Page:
Government is almost defined by one kind of business it runs: The last-use-of-force business, such as police and courts and military. Since we don’t pay for these services in fees, contracts, and sales — we’re taxed, instead — we don’t usually call them “businesses.”
But governments have gotten involved in a lot of other more business-like businesses: Roads, libraries, mass transit, waterworks, garbage collection, etc. Of course, government being government, it supports most such enterprises largely with taxes, not fees for services rendered.
Yet there are exceptions.
Take Jackson, Michigan. It runs a number of swimming pools, and charges for usage. The pools lose money. Which taxpayers subsidize. Typical. But Jackson also runs a putt-putt golf course. And it makes money at that business.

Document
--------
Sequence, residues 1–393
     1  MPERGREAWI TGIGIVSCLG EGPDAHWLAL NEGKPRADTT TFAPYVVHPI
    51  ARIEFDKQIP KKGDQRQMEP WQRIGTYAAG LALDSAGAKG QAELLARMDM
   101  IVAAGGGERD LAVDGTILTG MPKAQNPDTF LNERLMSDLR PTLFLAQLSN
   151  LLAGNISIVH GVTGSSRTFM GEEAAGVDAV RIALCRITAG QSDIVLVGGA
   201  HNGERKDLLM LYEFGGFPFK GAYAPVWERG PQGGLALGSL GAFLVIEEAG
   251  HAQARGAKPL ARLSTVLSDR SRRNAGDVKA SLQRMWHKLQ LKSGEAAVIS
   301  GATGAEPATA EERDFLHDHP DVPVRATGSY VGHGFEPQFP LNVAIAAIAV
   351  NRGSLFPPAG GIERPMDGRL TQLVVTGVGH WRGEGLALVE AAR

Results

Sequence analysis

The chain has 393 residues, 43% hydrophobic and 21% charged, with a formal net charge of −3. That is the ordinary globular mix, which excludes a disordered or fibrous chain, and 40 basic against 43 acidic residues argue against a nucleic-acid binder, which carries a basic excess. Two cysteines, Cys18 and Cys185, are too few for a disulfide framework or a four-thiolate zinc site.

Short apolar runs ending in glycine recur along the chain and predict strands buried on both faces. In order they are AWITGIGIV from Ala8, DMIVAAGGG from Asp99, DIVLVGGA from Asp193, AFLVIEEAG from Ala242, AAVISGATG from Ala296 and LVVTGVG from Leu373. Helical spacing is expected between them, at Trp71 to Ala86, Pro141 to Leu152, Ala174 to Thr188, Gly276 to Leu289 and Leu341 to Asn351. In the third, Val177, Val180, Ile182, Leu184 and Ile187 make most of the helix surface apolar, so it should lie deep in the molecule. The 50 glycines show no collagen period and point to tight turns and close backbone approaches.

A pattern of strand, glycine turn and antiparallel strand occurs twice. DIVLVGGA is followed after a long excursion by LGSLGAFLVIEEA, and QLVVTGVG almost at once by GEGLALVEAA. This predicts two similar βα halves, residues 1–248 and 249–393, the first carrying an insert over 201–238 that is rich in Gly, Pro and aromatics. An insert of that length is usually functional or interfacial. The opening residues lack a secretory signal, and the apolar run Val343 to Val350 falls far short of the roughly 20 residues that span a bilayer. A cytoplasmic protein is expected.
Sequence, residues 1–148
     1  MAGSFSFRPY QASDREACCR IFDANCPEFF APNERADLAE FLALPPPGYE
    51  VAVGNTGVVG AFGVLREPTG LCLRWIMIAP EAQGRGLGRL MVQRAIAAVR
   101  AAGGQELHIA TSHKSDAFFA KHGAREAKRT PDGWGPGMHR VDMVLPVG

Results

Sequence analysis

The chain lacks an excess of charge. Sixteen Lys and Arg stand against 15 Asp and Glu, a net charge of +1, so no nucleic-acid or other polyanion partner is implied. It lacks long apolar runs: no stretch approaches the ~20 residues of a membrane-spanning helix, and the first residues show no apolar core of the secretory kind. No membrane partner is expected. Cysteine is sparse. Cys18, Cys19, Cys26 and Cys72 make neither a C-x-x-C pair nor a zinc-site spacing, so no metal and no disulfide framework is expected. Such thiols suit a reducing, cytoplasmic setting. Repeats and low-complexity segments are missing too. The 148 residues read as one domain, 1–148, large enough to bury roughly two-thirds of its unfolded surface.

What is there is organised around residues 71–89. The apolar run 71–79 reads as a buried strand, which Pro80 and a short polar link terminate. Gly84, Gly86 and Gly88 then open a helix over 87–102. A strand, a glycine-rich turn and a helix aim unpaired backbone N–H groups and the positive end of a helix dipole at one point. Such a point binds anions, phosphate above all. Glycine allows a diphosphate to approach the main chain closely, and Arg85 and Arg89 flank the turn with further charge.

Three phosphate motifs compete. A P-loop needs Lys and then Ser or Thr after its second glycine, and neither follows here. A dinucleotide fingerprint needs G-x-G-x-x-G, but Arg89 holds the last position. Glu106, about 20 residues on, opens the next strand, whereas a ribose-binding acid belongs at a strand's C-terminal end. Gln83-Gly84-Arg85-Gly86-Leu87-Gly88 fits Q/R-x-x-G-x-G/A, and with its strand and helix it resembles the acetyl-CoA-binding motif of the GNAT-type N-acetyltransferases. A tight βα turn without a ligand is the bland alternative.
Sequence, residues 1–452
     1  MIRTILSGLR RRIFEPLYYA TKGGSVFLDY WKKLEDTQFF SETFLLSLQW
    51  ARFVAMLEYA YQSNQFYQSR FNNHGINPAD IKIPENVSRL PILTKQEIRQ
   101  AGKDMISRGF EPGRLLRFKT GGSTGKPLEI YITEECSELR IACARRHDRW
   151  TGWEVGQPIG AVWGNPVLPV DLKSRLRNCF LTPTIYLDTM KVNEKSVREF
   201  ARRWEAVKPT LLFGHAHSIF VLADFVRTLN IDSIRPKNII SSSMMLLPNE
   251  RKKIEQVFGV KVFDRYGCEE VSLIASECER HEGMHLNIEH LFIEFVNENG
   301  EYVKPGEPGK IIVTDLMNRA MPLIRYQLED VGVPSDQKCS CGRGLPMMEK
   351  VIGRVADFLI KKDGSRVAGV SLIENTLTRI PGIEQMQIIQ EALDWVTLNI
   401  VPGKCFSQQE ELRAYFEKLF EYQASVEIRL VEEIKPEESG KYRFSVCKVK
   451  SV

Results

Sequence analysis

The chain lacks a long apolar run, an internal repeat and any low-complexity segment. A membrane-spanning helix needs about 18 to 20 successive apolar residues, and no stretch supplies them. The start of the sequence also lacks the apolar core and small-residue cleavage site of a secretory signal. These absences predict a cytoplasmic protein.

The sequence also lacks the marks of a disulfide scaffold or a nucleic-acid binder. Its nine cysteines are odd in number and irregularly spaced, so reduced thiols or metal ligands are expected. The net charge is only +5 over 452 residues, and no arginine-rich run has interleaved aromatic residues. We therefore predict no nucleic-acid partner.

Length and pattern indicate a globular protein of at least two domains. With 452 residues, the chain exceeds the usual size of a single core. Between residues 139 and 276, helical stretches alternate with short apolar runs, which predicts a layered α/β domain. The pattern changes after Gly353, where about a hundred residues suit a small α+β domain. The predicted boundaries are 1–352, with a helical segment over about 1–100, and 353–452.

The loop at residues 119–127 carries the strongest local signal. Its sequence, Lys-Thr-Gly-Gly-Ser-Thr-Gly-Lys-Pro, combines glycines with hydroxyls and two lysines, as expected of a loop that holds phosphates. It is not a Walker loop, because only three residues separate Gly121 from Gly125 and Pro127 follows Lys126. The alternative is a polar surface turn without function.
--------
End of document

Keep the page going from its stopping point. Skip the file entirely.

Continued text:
All to the good? A government business that actually comes out in the black — what a deal!
Well, Bill Chrysan, proprietor of Putterz Golf & Games in nearby Ypsilanti, doesn’t think so. He notes that the government golf course doesn’t pay property taxes and has its maintenance done at taxpayer expense. With advantages like this, it’s hard to compete against — and it hardly pays its way like other businesses.
For that and other reasons, this one putt-putt course provides no model. Governments shouldn’t run businesses, says James Hohman of the Mackinac Center for Public Policy, for the “[s]ame reason that chimps shouldn’t drive. Just because some can do it doesn’t mean that it should be encouraged.”
This is Common Sense. I’m Paul Jacob.